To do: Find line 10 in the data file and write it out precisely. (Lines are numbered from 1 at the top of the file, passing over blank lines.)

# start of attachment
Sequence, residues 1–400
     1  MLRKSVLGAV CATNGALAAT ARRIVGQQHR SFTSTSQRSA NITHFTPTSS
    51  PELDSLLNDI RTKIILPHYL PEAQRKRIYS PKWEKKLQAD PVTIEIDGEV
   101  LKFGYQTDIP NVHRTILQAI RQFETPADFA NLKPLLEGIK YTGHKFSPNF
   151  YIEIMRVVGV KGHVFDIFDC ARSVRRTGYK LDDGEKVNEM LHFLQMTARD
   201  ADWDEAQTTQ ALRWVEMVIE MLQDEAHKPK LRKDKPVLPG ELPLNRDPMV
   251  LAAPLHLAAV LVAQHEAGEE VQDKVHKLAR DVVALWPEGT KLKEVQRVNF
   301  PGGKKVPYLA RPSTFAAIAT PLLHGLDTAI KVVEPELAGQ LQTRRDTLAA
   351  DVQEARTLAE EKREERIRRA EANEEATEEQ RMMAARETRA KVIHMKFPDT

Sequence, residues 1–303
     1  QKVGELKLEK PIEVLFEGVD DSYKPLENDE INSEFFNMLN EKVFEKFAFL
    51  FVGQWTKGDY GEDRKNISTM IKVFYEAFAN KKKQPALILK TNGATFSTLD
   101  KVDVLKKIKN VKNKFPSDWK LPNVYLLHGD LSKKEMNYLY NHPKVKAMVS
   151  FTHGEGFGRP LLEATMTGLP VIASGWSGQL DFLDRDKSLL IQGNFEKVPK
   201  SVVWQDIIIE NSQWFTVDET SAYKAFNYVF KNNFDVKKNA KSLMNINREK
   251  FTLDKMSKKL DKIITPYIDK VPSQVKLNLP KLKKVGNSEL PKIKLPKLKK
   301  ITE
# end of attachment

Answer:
Sequence, residues 1–303